Figure: Equilibrium Price
P = priceQ = quantity of goodD = demandS = supplyPE = equilibrium price or price of market balanceD>S = Excess of demand = whenever P< PES>D = Excess of supply whenever P> PEMarket equilibrium can as well be described with help of figure shown above. Equilibrium price is P. At price P, the quantity demanded is equivalent to the quantity supplied, i.e., D=S. At other prices, there is no equality among quantity demanded and quantity supplied. In both situations either the consumer or the firms are disappointed and tend to modify the price.
At any price above equilibrium price (i.e., PE), supply is more than demand (i.e., S>D). Therefore there is surplus supply. Whenever price is very high, buyers prefer to decrease their purchase. However sellers prefer to trade more as price is high. Such contrasting behaviors of buyers and sellers outcome in surplus supply in the market that is the difference among the quantities demanded and quantity supplied. Since sellers can’t sell all of the quantity at high price, some of them might diminish price to sell the surplus stocks.
For illustration, price “discounts” are advertised by sellers by the name of ‘annual stock clearance’ sales. Whenever one seller provides discount, the other sellers also follow suit by cutting their costs. As an outcome, the market price as an entire will decline till the surplus supply is sold and equilibrium is (i.e., D=S) restored.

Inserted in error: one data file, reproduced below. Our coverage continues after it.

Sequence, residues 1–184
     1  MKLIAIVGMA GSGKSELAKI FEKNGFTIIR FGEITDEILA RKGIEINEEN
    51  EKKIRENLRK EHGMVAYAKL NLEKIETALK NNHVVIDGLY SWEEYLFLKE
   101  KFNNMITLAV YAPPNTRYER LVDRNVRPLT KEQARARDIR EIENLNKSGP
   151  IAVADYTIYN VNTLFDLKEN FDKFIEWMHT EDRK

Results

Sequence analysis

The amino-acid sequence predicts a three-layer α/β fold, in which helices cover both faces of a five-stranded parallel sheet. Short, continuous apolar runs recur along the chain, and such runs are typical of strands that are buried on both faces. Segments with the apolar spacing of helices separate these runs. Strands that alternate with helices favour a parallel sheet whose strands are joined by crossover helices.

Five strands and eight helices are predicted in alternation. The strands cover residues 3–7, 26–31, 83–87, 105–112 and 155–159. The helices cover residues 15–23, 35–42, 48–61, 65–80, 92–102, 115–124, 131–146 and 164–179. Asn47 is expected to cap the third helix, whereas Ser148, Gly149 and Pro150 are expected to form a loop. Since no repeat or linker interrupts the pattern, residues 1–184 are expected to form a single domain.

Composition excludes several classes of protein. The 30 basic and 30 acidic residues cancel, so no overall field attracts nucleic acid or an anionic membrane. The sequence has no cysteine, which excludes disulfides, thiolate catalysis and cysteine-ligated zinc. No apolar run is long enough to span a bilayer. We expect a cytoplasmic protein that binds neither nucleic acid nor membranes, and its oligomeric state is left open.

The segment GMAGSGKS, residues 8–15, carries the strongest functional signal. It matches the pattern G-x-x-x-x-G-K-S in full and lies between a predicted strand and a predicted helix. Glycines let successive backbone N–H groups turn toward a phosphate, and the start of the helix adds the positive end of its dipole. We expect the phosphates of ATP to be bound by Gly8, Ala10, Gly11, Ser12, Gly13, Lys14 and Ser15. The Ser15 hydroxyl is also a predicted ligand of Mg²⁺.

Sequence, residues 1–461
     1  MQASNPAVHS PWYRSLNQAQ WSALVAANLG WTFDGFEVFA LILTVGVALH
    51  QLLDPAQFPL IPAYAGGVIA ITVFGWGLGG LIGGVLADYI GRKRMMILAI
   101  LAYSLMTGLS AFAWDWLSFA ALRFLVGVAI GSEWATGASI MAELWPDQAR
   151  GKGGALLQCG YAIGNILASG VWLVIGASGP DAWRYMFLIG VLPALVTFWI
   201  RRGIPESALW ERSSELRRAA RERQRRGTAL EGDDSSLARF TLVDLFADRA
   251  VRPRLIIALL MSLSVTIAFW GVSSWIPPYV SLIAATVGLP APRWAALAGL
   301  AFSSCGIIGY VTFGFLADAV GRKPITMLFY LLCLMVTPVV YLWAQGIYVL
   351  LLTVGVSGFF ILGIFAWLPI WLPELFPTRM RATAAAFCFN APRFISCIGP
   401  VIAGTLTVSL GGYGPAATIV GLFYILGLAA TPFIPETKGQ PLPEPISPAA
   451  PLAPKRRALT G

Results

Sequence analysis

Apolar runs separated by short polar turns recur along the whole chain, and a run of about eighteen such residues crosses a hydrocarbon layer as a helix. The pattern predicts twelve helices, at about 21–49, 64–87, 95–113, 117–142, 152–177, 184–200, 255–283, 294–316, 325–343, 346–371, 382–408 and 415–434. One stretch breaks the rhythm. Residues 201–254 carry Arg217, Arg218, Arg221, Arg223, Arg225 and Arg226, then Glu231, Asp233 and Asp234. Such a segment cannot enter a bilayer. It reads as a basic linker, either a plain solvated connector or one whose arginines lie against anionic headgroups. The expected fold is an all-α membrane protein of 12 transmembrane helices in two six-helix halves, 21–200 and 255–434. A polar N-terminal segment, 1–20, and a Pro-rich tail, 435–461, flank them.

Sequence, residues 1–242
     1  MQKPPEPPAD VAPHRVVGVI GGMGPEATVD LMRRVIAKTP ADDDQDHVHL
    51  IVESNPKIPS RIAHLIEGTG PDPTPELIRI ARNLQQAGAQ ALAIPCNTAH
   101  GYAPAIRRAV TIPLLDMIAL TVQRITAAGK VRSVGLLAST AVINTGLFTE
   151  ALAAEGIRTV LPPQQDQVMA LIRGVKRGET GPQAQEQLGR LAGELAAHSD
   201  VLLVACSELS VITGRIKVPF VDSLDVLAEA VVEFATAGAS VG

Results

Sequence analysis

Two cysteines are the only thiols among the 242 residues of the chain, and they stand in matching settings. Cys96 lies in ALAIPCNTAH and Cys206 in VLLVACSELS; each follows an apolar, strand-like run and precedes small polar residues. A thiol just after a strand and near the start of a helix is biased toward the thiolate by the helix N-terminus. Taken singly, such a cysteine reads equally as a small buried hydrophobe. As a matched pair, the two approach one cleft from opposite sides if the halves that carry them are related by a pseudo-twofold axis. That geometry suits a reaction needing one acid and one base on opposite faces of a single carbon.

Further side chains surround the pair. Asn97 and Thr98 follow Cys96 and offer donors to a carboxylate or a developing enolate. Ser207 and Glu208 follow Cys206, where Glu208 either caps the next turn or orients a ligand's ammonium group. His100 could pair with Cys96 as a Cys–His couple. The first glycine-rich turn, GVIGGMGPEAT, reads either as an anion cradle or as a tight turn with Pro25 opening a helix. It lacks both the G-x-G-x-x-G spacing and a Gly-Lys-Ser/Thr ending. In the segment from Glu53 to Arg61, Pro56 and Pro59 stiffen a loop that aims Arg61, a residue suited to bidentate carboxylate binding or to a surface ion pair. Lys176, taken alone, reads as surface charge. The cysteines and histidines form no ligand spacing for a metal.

Likewise, when the price is below the equilibrium price PE, there will be surplus demand, D>S. In this situation some of the buyers might try to bid up the price to purchase some more quantity whenever supply is less. This might also encourage sellers to supply more. For illustration, buying cinema tickets off the counter (termed as tickets in black) by paying a higher price than the real price.
Therefore, in both situations, the actions of buyers and sellers will move the price either upwards or downwards and remove the surplus demand or surplus supply. Such actions too restore the demand-supply balance to achieve the market equilibrium. At equilibrium price, there is no force to modify the price or quantity required of a commodity.
The figure shown above illustrates the market in equilibrium at the equality among demand and supply. In circumstances of any deviation from the equilibrium price, the direction of price movement is illustrated by the arrow marks. Whenever there is excess supply, price has a downward tendency. In the situation of excess demand, price has an upward tendency. At equilibrium, price is stable since there is no tendency for transform as D=S.
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